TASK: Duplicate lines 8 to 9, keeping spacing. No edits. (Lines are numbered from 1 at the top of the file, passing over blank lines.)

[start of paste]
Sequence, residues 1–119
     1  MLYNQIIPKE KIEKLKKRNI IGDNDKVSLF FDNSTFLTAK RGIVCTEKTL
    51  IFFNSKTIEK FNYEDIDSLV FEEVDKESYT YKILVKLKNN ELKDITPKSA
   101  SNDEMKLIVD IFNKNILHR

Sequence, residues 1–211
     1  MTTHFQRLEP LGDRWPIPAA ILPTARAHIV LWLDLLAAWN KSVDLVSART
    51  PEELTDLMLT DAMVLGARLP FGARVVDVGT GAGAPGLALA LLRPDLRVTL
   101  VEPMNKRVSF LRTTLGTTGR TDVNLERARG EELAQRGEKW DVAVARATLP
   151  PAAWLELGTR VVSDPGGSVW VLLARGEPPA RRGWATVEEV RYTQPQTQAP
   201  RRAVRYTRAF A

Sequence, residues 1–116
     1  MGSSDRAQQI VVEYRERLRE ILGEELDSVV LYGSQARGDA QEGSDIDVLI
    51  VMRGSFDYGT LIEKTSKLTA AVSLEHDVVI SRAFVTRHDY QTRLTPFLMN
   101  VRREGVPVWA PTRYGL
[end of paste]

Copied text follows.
   101  VEPMNKRVSF LRTTLGTTGR TDVNLERARG EELAQRGEKW DVAVARATLP
   151  PAAWLELGTR VVSDPGGSVW VLLARGEPPA RRGWATVEEV RYTQPQTQAP